It is well this is so terrible! We should grow too fond of it,"
said General Robert E. Lee as he watched his troops repulse the
Union attack at Fredericksburg on 13 December 1863.
This collection of seven original essays by leading Civil War
historians reinterprets the bloody Fredericksburg campaign and
places it within a broader social and political context. By
analyzing the battle's antecedents as well as its aftermath, the
contributors challenge some long-held assumptions about the
engagement and clarify our picture of the war as a whole.
The book begins with revisionist assessments of the leadership of
Ambrose Burnside and Robert E. Lee and a portrait of the conduct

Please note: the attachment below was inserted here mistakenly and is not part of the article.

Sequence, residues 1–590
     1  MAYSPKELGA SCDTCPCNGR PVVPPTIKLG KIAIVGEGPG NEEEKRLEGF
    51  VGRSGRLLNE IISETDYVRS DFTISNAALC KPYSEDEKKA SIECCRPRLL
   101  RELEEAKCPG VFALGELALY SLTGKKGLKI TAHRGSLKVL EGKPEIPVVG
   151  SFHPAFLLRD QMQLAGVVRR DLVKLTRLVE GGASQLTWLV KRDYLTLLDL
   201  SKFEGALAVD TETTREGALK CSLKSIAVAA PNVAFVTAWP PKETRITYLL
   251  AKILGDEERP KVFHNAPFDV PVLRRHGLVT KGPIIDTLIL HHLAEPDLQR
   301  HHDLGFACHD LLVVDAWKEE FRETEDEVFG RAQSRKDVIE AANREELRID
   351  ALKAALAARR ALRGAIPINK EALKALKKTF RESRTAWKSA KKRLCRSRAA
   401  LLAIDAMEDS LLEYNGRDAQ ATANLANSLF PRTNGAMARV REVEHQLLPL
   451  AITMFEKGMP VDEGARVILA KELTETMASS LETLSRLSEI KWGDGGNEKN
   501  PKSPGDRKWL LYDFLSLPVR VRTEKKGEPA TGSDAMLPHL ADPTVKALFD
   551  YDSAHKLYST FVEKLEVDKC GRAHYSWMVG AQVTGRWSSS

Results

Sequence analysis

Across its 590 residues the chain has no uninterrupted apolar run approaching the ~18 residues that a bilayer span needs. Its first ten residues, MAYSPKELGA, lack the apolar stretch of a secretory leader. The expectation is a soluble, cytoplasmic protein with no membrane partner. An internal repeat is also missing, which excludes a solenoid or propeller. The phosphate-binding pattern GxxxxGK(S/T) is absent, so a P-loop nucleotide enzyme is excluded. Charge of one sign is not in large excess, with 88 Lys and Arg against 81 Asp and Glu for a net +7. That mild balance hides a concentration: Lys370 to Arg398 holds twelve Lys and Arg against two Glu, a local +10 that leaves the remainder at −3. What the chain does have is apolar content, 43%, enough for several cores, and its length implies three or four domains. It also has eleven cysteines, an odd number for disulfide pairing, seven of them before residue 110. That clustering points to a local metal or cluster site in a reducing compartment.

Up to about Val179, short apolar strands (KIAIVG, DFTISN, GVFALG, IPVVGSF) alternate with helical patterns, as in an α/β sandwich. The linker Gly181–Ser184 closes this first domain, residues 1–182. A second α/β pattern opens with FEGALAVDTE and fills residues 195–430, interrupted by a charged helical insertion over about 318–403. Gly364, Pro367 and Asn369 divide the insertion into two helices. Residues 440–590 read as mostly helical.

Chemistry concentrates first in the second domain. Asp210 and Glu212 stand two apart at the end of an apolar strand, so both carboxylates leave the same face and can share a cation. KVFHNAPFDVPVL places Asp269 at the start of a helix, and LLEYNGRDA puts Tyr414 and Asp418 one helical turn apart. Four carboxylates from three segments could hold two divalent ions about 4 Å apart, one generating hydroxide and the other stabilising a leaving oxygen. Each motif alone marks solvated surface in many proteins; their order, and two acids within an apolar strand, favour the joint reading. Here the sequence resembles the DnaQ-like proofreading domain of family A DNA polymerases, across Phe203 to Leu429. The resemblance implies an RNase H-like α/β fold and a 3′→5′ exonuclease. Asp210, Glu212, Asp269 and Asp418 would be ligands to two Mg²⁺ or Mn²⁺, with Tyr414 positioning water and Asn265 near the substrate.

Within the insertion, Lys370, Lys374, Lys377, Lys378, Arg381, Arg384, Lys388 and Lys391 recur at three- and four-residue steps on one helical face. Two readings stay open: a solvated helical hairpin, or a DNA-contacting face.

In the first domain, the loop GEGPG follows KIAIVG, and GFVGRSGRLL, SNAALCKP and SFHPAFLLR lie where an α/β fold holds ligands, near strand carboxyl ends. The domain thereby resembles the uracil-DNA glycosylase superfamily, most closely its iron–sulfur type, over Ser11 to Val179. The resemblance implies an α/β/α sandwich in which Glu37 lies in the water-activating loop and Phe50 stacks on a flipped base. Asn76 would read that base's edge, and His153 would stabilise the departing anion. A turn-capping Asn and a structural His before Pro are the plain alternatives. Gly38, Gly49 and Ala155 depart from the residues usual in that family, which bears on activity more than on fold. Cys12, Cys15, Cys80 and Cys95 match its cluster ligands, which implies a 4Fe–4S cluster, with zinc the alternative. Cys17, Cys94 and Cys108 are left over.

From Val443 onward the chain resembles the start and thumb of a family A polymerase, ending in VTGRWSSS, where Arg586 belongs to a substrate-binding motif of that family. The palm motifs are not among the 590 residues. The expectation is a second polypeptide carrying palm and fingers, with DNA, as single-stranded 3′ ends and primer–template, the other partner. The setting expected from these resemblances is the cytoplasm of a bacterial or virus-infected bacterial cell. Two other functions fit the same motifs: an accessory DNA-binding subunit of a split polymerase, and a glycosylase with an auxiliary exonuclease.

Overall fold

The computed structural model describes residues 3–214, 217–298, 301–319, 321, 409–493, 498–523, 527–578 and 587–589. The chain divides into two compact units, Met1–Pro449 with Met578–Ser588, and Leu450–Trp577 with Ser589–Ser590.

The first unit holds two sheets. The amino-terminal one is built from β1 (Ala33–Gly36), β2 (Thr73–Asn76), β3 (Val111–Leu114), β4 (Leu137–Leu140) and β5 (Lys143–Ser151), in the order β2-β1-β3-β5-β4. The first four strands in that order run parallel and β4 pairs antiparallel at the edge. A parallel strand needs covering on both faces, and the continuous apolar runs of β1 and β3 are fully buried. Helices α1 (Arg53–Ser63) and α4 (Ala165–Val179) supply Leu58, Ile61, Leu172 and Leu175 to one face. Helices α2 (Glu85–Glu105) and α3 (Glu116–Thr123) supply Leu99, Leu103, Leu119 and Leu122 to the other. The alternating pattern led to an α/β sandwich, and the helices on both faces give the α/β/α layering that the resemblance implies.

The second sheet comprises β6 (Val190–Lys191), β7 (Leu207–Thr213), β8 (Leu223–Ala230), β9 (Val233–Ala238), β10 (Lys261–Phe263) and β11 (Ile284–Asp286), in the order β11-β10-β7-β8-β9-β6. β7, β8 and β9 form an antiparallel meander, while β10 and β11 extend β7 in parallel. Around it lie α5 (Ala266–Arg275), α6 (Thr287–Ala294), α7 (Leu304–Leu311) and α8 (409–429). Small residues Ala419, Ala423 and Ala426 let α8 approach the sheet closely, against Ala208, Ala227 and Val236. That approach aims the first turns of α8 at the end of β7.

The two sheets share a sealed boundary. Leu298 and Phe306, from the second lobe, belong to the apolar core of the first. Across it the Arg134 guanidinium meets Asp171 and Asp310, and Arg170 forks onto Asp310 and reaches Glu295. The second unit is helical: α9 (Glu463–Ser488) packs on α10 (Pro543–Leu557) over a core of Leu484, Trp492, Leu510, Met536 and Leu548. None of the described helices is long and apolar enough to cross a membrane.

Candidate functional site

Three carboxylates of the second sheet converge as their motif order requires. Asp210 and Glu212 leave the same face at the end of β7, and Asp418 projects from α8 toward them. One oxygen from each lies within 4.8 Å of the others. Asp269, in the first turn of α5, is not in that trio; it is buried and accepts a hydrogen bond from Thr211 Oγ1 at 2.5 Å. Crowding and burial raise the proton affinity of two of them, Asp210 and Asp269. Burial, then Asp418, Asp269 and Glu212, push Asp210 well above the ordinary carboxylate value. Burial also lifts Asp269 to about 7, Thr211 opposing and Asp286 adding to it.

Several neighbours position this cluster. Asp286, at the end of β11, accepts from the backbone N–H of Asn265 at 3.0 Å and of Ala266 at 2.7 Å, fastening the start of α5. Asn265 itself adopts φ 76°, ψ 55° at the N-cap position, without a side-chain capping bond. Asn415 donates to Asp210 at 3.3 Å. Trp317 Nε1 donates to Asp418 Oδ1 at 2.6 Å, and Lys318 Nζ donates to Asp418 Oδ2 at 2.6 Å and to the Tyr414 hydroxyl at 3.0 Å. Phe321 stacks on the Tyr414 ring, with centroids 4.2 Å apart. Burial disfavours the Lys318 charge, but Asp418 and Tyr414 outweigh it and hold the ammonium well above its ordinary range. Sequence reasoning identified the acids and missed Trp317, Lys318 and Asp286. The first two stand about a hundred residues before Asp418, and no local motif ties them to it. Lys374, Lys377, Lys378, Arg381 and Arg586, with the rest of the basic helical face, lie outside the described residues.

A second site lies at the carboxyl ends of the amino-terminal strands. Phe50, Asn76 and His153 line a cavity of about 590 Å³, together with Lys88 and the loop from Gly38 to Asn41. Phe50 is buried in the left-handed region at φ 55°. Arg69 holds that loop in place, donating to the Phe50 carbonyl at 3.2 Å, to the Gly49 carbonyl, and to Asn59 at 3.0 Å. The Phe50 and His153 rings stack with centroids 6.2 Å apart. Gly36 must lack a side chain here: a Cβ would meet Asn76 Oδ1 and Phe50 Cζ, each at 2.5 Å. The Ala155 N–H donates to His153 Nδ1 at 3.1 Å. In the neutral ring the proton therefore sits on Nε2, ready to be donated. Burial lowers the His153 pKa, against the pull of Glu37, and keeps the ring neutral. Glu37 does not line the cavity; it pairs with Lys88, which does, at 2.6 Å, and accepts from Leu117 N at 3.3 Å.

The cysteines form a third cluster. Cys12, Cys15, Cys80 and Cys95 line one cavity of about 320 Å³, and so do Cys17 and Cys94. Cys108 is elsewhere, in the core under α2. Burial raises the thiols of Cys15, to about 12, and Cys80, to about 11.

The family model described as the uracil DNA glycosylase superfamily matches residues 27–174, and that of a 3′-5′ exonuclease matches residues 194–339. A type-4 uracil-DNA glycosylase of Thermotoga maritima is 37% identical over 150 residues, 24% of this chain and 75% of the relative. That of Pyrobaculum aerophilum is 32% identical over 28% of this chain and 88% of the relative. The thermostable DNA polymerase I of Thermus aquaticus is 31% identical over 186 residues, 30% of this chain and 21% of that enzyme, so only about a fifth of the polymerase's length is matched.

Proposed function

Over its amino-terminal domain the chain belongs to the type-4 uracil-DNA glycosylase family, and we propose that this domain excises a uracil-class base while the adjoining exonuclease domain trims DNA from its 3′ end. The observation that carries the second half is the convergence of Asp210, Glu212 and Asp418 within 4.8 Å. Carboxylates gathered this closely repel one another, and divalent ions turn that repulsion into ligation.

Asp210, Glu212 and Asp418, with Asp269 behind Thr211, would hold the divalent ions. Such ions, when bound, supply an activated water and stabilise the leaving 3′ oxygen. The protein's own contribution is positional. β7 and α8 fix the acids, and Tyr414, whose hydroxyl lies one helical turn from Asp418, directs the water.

and attitudes of one group of northern troops who participated in
the failed assaults at Marye's Heights. Subsequent essays examine
how both armies reacted to the battle and how the northern and
southern homefronts responded to news of the carnage at
Frederickburg. A final chapter explores the impact of the battle on
the residents of the Fredericksburg area and assesses changing
Union attitudes about the treatment of Confederate civilians.
The contributors are William Marvel, Alan T. Nolan, Carol Reardon,
Gary W. Gallagher, A. Wilson Greene, George C. Rable, and William